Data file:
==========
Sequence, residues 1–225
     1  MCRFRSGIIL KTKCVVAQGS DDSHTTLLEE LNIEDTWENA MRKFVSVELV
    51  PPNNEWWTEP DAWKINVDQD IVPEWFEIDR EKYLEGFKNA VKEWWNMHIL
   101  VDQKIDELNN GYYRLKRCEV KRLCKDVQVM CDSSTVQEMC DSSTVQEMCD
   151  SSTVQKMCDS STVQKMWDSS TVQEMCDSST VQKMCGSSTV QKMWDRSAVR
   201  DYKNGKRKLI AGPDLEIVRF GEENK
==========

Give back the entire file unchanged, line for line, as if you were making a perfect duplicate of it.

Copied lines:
Sequence, residues 1–225
     1  MCRFRSGIIL KTKCVVAQGS DDSHTTLLEE LNIEDTWENA MRKFVSVELV
    51  PPNNEWWTEP DAWKINVDQD IVPEWFEIDR EKYLEGFKNA VKEWWNMHIL
   101  VDQKIDELNN GYYRLKRCEV KRLCKDVQVM CDSSTVQEMC DSSTVQEMCD
   151  SSTVQKMCDS STVQKMWDSS TVQEMCDSST VQKMCGSSTV QKMWDRSAVR
   201  DYKNGKRKLI AGPDLEIVRF GEENK